While multiplayer gaming continues to shape and evolve the entertainment industry, we’re yet to see a paid-for multiplayer slot title succeed in the online casino sector. 

With this in mind, we turned to the CasinoBeats 100Club to find out just what challenges are presented by multiplayer slots, asking: 

Why haven’t multiplayer slots made larger inroads into the online casino space? What challenges do they face and what growth opportunities do they create? 

Suzanne Jiggens-Johnson, Marketing Director at Slots Temple: We’re constantly baffled at the number of businesses that haven’t made more inroads into multiplayer games. At Slots Temple we offer Slots Tournaments where players compete against each other to climb the leaderboards and win cash prizes. 

Player feedback tells us our players love the social nature of our tournaments and often we see friends competing against each other within a tournament. Bringing a social element into our products provides players both access to their favourite games alongside some playful competition within their social groups.

Anthony Gaud, CEO at GaudHammer Gaming Group: The development of sophisticated and reliable software that facilitates seamless, real-time interaction between players is a considerable challenge. It is essential that the underlying infrastructure is capable of supporting a high volume of simultaneous players, while ensuring smooth gameplay that is free of lags or errors.

There are a variety of regulatory frameworks concerning online gambling in each state and country, which will pose challenges to the mass implementation of multiplayer slots. From my experience, it may be difficult for new innovations like multiplayer slots to gain traction in some jurisdictions due to regulation regarding online gambling.

Players who are used to conventional slot machines may prefer their solitary, straightforward experience. Adapting to multiplayer slots, which can involve collaborative or competitive play and additional rules, might not appeal to existing slot players who are used to playing alone. Having said that, I have tested prototypes of these concepts with millennial players and video game enthusiasts, and they have proven extremely successful which bodes well for future audience expansion.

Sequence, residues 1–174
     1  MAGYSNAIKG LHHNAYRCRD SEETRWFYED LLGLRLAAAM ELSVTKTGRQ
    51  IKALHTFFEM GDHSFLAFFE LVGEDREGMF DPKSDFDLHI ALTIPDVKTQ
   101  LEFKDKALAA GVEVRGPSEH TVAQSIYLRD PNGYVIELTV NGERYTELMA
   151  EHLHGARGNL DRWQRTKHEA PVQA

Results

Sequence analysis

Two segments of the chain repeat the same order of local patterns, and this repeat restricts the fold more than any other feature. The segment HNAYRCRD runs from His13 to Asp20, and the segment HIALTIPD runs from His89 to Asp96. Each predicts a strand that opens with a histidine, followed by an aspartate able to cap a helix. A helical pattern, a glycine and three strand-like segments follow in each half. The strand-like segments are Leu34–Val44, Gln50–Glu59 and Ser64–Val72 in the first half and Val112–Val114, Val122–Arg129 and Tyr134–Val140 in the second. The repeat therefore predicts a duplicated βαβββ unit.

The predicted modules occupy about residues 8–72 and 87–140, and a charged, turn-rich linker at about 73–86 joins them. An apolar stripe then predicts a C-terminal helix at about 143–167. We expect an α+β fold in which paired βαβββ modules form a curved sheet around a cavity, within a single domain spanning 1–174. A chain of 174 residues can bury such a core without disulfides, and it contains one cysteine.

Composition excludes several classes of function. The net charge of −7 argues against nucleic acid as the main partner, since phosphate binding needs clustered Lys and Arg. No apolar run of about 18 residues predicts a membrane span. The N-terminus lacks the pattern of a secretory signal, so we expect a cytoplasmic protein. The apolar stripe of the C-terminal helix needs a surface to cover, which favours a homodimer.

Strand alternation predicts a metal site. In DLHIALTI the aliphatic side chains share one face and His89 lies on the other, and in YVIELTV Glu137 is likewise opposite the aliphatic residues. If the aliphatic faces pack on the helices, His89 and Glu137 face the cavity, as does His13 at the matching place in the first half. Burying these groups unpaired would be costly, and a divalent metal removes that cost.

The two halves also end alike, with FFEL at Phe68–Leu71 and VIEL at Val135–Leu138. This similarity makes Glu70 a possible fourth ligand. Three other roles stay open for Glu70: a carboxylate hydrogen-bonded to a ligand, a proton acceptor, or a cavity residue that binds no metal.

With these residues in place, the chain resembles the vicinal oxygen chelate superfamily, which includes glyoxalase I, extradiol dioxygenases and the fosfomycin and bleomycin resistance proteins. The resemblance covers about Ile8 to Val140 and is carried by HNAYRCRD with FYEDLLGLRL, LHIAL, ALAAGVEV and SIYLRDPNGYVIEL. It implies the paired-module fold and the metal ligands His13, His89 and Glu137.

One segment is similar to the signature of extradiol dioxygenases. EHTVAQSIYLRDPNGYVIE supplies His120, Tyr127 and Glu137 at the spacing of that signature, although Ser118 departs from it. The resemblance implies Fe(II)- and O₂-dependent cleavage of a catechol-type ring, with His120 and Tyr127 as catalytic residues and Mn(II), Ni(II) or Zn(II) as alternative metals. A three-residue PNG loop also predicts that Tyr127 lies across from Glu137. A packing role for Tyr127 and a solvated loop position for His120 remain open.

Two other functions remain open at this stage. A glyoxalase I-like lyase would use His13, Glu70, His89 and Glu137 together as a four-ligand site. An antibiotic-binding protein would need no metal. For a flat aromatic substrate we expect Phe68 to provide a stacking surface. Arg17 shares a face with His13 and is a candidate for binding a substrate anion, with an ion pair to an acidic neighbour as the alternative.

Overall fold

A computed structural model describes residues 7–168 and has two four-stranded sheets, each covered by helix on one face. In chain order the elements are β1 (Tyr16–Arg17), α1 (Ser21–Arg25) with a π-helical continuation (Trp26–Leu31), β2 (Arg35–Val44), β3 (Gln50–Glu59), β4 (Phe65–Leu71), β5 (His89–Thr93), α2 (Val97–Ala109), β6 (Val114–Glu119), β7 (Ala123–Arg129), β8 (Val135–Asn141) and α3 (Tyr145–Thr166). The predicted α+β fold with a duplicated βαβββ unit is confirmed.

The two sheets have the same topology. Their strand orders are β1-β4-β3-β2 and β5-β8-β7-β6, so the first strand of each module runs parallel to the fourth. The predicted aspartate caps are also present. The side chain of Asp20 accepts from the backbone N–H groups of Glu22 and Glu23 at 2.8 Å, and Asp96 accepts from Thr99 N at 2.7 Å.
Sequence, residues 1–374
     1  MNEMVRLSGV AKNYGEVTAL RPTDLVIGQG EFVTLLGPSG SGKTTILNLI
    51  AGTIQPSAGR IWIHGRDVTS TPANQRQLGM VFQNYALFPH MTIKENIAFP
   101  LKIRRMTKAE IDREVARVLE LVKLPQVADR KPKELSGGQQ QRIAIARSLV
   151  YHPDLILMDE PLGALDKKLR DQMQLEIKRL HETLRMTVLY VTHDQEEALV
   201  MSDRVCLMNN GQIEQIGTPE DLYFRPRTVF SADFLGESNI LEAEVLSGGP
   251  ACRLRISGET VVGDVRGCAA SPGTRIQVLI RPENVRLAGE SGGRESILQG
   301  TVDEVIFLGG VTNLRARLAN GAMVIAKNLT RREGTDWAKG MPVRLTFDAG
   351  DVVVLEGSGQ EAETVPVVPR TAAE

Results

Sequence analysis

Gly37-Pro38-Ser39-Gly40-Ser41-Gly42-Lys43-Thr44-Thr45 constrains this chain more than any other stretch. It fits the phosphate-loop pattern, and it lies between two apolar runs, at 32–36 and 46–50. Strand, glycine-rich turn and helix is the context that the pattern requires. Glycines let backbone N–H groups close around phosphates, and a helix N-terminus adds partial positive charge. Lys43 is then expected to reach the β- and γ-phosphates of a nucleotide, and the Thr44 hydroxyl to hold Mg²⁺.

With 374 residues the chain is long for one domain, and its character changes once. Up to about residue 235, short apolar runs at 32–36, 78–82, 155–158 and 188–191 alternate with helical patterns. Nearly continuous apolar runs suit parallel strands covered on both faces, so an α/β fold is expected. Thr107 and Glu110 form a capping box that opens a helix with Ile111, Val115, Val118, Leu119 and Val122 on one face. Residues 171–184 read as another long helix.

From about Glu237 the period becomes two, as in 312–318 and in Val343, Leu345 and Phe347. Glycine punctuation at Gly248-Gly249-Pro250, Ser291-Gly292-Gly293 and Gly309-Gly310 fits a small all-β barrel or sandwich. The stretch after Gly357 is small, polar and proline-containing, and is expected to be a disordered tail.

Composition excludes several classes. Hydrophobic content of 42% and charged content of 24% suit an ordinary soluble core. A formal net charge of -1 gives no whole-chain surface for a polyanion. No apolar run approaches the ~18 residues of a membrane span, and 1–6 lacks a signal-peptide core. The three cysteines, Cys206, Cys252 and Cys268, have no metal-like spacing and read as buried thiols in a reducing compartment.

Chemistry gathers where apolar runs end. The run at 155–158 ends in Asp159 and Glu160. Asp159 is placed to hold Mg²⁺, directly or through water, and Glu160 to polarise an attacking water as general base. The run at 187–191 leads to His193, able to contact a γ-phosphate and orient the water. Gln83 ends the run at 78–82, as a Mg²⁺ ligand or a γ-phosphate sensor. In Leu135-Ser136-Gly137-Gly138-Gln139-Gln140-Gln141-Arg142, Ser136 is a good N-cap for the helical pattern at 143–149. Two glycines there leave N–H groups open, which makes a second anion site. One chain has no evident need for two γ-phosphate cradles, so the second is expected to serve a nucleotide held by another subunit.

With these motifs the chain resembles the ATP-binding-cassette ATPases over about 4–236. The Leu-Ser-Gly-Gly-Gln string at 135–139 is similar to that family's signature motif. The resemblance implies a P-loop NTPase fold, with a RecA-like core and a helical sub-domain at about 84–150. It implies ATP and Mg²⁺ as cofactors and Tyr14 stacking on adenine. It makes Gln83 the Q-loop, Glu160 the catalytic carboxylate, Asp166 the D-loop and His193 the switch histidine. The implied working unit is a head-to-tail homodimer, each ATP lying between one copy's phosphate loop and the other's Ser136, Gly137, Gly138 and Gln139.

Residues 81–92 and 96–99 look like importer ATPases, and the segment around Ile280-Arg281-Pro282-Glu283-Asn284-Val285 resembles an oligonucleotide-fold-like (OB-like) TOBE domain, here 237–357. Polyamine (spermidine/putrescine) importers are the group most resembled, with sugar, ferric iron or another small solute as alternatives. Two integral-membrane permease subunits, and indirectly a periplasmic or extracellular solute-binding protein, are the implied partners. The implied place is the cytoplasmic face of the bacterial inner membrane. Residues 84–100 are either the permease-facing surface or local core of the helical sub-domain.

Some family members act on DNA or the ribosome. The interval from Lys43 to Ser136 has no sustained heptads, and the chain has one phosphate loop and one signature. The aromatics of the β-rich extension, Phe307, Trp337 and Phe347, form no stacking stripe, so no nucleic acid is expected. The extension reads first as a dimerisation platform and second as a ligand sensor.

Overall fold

Slot machines with multiplayer features often require more strategic thinking and player engagement. The creation of short- and long-term, goal-oriented rewards and gameplay may prove challenging for developers without previous experience developing multiplayer video games.

Until there is clear evidence of demand for multiplayer slots, casinos will be hesitant to invest in developing or adopting this technology. Casinos are likely to wait and see what works, which creates a chicken-and-the-egg scenario for development, which has further delayed the rollout of multiplayer slots. I believe that in the short term, online casinos and websites in the EU will be the best place to experiment with multiplayer slots.

There will be a lack of awareness of multiplayer slots among most players, leading to a slow adoption rate and insufficient demand. It will be necessary for casinos and manufacturers to engage in a promotional/educational campaign to explain the advantages of multiplayer gaming. The additional expense will prevent brick and mortar casinos from adopting multiplayer slots quickly.

Multiplayer slots enable the exploration of new gaming dynamics, including collaborative and competitive play, bringing the world of slots closer to those of video games. Casinos will be able to offer a wider range of gaming experiences as a result of this innovation, potentially making them more appealing to both new and existing players.

Helen Walton, CCO at G.Games: It’s a really hard problem – technically hard, liquidity and marketing hard, user and product design hard. Multiplayer slots is – in some ways – a new genre, and that takes time, and sometimes a couple of false starts, to develop. There’s also only just starting to be true commercial pressure to do something different. 

Many of the original concepts in multiplayer are borrowed too heavily from social, for example. People don’t have the same feelings about sharing slot wins, and spend, as they do with social or skill games. 

So, what’s interesting is to look at what we can learn from successful real-money multiplayer games such as bingo, lottery and poker, to see how we can tap into what might be related motivations in slots. I would argue that no multiplayer real money slot game yet exists – we are working on that.

Alex Lorimer, COO at Gaming Corps: I look at companies like HungryBear Gaming and they seem to be moving things in this direction; their games with multiplayer battle tools seem to be getting a decent level of traction. 

The slot space has been very robust across a long period of time, but when it comes to significantly changing things and offering products to a player demographic that is used to familiarity, it takes a lot of gumption and insight to really shake things up.

You have to do this without a fear of failure, but the issue comes when people then expect consistency and continued innovation, which puts a lot of pressure on development teams. 

Any developer that can manage to do this though will certainly carve out a niche position in the market, even if it could take some time to really reap the benefits of doing so.